Julie Adamen is the principal of Adamen Inc., a national consulting and employment firm specializing in the community management industry formed in 1997. She is a recognized expert in community management, community management compensation and association and management company operations. She is a prolific author, educator, motivational speaker and trainer for community managers and Boards of Directors. She is the author and publisher of online classes for managers, Community Association Management 101, a series of online classes for community association management professionals and volunteers.
To state the obvious: There is a lot of incivility and conflict in community associations. Why? Long ago, I recall a senior manager/exec telling me something like this: “Condo meetings almost always lend themselves to arguments because, just like a marriage, money is involved.” Ha! Well, that’s true, but a lot of conflict between Board members and owners has to do with a lack of policy on association communications. Add to that inadequate advocacy skills, no repercussions for bad behavior, the social media environment, ego, frustration and certain psychological disorders and you have all the ingredients for the average unpleasant association meeting. Amiright or amiright?!
Let’s look at what can take some of the fight out of fight night with some tips for Boards and for the owner-advocates themselves:
For the Board: Provide the overall platform for community discourse
Adopt Basic Parliamentary Procedures. All Boards should adopt some sort of basic parliamentary procedure so there is structure within which to conduct their meetings, including membership meetings. Publish and distribute procedural information to the membership and importantly, Boards, follow the procedures you adopt.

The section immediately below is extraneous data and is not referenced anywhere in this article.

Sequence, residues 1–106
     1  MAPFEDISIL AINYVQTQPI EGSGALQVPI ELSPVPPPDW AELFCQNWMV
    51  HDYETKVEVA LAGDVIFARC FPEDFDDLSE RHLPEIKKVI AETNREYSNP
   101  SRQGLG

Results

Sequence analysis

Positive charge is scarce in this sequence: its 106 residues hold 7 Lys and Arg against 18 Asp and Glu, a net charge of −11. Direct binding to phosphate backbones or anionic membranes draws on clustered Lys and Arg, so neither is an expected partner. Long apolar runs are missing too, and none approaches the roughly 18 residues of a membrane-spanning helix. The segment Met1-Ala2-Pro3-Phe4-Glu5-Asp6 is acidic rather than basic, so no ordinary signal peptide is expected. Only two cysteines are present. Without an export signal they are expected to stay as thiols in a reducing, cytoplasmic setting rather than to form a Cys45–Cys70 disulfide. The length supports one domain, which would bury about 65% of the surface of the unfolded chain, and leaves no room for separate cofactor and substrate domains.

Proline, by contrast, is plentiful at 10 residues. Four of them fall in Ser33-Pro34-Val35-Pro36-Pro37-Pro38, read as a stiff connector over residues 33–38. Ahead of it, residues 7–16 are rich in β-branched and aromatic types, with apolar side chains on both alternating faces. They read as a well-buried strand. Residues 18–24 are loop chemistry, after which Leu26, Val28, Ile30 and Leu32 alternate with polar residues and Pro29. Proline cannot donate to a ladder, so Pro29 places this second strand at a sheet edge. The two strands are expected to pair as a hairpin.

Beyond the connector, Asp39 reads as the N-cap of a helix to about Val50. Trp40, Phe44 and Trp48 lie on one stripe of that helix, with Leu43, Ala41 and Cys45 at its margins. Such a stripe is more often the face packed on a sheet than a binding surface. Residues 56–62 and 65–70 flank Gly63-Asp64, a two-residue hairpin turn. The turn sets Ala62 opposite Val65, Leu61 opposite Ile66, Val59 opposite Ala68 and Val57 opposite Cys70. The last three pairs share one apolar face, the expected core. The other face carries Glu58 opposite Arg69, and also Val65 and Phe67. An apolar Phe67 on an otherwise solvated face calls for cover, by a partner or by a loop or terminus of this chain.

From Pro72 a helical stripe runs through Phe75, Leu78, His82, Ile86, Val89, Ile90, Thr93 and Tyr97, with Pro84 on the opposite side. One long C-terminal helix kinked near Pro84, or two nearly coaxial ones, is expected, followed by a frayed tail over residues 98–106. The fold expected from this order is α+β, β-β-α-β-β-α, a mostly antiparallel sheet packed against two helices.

Always have an Open Forum on the Board meeting agenda. If owners wish to address the Board, there should be a designated time for them to do so, typically before Call to Order or after Adjournment. Each person should be allowed 3-5 minutes to speak. Adopt the Open Forum and it’s procedures as a part of overall meeting procedures and policies (paragraph above). Standard procedures that don’t change from meeting to meeting promote communication, transparency and give the membership confidence in the integrity of the Board. They also make meetings run more smoothly!
Communicate regularly via newsletter and website. One of the major reasons associations have problems is a lack of communication between the Board and the owners. When there is an information vacuum, it will get filled with gossip, innuendo and un-truths. This situation not only adds to the negative image of your association, but it also makes it very hard for a Board to remain credible in the eyes of the owners, despite good intentions.
For the owner-advocates:
Come forward early in the process. Position advocates should come forward as early as possible in the process. Gather as much information from management, attend meetings where the issue is discussed and ask pertinent questions respectfully. This method of advocacy – informed, involved and respectful is one on which minds can be changed and consensus built.